Measure the lesser things, and things measurable are lesser than things infinite, and you will neglect the greater things. The measurables depend on the immeasurables, so when you neglect the immeasurable, the measurable declines. But those who don’t believe in immeasurable things will never correctly diagnose the problem.

So you can teach the transcendent, you can fill the souls with truth, goodness, and beauty. But the world around won’t understand or approve of what you are doing and they’ll pressure you to pull up the roots. If you aren’t firm in your faith and your knowledge of what is right, you’ll give in. You’ll become yet another Darwinian Christian, adapting to the environment rather than transcending it.

What is Writing

I love literature and history and ideas and letters and even blogs. I love the flow of information and narrative and personality that writing enables. Plus, I teach and practice writing.

Consequently, I spend a lot of time thinking about what makes for good writing, and that leads me, in turn, to wonder about just what writing is. What is its nature?

How, after all, can I asses a student’s writing if I dont’ know what it is? How can I strive to perfect my own writing if I don’t understand what writing is?

I suppose there is a practical element that can be accomplished perfectly fine without knowing the nature of writing. For example, if I learn grammar I’ll be able to write better.

However, if I don’t have a higher reason for learning grammar than that it usually helps, then grammar itself loses its place. In time, it degenerates into a question of usage and loses its soul.

And that, in turn, undercuts the writing of the generation that doesn’t learn grammar after its own nature.

So I want to know, not only how to deal with immediate practical problems as they arise, not only techniques of writing. I want to know its nature. That way I’ll be able to sniff out techniques myself.

Even more, I’ll be less likely to miss crucial skills or elements related to writing. Maybe what follows will sufficiently illustrate this point.

This is true of any art or skill. If I get into its soul and essence, I get it. I know what needs to be done almost intuitively. But if I am governed by techniques and can’t see their relation to the nature of the art, I’ll always be bound to the techniques, unable to discern the propriety and fittingness of their use.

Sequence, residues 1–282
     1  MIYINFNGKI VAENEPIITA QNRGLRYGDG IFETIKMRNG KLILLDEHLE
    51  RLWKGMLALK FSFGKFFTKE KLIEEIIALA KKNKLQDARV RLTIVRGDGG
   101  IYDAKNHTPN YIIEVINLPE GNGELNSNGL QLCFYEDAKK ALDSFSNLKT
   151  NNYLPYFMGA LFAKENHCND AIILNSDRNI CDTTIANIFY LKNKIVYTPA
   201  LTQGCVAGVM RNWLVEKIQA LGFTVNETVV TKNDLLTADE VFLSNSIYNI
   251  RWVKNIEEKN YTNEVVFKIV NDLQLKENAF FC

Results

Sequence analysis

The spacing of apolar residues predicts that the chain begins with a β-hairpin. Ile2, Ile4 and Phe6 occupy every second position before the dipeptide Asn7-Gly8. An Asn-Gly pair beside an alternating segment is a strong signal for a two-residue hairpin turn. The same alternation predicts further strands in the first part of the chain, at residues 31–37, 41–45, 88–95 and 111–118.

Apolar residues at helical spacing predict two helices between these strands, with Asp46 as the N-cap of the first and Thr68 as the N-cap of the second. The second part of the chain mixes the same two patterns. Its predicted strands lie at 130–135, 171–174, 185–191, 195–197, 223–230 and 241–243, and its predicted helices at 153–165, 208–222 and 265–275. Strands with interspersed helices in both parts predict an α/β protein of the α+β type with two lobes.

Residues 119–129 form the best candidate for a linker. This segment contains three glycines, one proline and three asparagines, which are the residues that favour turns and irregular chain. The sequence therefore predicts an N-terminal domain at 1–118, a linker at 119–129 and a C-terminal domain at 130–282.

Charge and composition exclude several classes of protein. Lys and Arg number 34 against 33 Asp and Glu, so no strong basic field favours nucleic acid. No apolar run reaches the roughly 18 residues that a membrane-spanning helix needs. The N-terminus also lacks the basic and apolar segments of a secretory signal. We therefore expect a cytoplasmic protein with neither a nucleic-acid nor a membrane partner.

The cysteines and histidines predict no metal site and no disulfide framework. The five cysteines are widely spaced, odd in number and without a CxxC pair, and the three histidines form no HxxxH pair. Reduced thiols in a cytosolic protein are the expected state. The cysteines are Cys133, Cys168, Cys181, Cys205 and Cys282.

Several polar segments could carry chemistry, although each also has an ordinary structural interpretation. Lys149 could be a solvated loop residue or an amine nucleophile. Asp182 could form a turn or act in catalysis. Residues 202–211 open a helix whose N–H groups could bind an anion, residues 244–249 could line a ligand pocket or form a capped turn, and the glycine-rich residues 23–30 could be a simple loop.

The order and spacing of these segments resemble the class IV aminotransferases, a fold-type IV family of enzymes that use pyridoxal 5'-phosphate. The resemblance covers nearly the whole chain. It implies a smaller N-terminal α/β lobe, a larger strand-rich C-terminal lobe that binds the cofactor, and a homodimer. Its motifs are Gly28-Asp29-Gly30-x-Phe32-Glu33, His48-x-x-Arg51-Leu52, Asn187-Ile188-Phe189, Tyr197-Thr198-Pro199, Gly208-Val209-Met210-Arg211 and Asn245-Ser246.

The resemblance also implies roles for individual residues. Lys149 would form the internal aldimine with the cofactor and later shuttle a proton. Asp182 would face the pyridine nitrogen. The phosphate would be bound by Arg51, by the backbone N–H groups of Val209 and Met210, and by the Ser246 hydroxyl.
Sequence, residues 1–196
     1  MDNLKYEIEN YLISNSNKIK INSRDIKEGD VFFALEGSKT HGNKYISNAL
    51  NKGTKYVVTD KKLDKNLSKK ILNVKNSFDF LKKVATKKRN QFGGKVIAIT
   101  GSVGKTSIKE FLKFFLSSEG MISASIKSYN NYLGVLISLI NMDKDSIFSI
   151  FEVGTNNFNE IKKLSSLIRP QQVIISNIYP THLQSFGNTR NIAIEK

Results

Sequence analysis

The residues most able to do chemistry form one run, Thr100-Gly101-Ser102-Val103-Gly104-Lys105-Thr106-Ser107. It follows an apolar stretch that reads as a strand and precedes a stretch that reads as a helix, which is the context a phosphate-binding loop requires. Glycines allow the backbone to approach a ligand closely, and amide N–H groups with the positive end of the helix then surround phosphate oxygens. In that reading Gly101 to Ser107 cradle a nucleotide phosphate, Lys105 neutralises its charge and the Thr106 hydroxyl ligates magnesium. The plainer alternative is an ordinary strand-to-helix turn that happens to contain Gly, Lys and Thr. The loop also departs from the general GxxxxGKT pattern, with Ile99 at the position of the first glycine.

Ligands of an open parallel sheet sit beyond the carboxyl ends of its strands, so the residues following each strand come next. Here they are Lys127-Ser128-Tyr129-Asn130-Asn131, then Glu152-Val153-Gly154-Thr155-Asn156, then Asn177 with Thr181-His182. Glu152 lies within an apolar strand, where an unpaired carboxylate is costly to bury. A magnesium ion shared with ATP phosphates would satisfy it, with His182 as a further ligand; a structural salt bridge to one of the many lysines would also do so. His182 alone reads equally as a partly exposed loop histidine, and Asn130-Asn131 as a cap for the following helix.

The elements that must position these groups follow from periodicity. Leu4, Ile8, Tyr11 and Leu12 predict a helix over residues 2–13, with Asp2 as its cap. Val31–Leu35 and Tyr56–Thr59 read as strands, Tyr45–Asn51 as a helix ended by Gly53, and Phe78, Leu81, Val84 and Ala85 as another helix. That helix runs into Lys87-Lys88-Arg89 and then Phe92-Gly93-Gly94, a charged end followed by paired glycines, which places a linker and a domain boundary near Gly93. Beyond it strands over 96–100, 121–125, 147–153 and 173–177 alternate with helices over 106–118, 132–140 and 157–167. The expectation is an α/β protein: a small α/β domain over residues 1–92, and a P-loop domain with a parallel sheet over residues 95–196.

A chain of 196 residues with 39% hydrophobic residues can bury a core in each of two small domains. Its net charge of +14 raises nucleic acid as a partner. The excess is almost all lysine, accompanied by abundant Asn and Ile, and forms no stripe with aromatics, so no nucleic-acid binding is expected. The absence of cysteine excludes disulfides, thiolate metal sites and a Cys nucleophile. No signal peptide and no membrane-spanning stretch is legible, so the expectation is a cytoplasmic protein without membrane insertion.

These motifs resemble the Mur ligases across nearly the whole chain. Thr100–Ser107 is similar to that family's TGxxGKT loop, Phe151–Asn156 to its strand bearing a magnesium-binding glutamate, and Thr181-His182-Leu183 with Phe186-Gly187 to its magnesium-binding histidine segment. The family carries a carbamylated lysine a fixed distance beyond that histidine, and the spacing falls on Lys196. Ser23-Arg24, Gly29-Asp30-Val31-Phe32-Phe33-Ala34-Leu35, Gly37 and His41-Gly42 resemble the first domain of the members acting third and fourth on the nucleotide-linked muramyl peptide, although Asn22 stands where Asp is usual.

So let me propose a definition for writing, awkward sounding at first, but an attempt to be both precise and exhaustive:

Writing is the overflow of the soul into a pattern of words encoded in visual symbols (letters or hierogliphs) for the purpose of communication.

If you consider this definition closely, you’ll discover three general elements, each of which must be attended to for a writer to achieve true excellence.

First, the writer needs a soul that is overflowing. Second, he needs to be able to use words well to contain that overflow of the soul. Third, he needs to use those words to communicate with others.

Most writing programs, maybe all of them, necessarily focus on the second, technical, side of writing. They assume the prerequisites of spelling, grammar, and punctuation, as well they ought. They add to these necessary foundations the structure of an essay, a novel, a story, etc. and provide advice on how to fill out the parts of the text.

Then they teach style, usually providing somewhat random tips that the writer or even most writers find helpful when looking for the apt expression.

You can usually find communication, the third element, included under the technical, when a program teaches the writer to attend to his audience. For that reason, I simplify by combining the second and third elements into one, which I call the craft of writing.

However, if I believe a person can learn to write merely by focusing on the technical craft of writing, I am mistaken. And I’m probably mistaken because I was so focused on the practical side of teaching or learning writing that I didn’t attend to the nature of writing itself.

I failed to recognize that writing is the “overlow of the soul.”

And that means the soul needs to be filled to overflowing. Perhaps it seems ironic, but this part of teaching writing really isn’t very difficult. It’s time-consuming, but it’s not what I would call difficult.

The root of great writing, it seems to me, is the same as the root of the sciences and every other art. How to name it?

Wonder, perhaps? Reverence? Awe? Respect?

In any case, I refer to the quality of soul that underlies attentive perception, the sine qua non of all human excellence.

So how do we fill the soul to overflowing? By establishing and building on this wonder, reverence, awe, and respect that is woven into human nature.

First, through experience. People need to breathe the air, watch the sun go down, watch the stars move, hear the horse whinny, stare at the cow’s eyes, fall in love, laugh at bad jokes, feel embarrassment over their family (parents and children!), step on a worm, flip over their bicycle handlebars when they’re hot-dogging it, worry about losing someone or something they love, feel grass and sand and the tar that melts on the road on a hot summer day while they run to the swimming hole, work endless hours at tedious unrewarding labor, get mugged on the El Train in Chicago, grieve over lost loves, and all the other things that make up the wonder of life.

But we all have experience. The writer needs to be trained to pay attention to it.